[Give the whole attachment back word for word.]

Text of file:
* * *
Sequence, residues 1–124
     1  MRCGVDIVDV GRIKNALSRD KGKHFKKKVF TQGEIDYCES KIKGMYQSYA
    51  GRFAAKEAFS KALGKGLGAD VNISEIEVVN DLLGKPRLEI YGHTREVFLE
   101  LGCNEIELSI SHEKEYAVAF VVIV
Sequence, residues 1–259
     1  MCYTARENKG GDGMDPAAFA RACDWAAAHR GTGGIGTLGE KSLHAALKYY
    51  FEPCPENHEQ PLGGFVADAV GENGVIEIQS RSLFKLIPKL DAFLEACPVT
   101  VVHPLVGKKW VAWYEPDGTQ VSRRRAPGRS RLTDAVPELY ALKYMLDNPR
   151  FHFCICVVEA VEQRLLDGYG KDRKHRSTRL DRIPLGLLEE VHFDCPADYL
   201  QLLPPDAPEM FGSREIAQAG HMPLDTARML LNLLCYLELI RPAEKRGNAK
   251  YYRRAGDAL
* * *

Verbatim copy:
Sequence, residues 1–124
     1  MRCGVDIVDV GRIKNALSRD KGKHFKKKVF TQGEIDYCES KIKGMYQSYA
    51  GRFAAKEAFS KALGKGLGAD VNISEIEVVN DLLGKPRLEI YGHTREVFLE
   101  LGCNEIELSI SHEKEYAVAF VVIV
Sequence, residues 1–259
     1  MCYTARENKG GDGMDPAAFA RACDWAAAHR GTGGIGTLGE KSLHAALKYY
    51  FEPCPENHEQ PLGGFVADAV GENGVIEIQS RSLFKLIPKL DAFLEACPVT
   101  VVHPLVGKKW VAWYEPDGTQ VSRRRAPGRS RLTDAVPELY ALKYMLDNPR
   151  FHFCICVVEA VEQRLLDGYG KDRKHRSTRL DRIPLGLLEE VHFDCPADYL
   201  QLLPPDAPEM FGSREIAQAG HMPLDTARML LNLLCYLELI RPAEKRGNAK
   251  YYRRAGDAL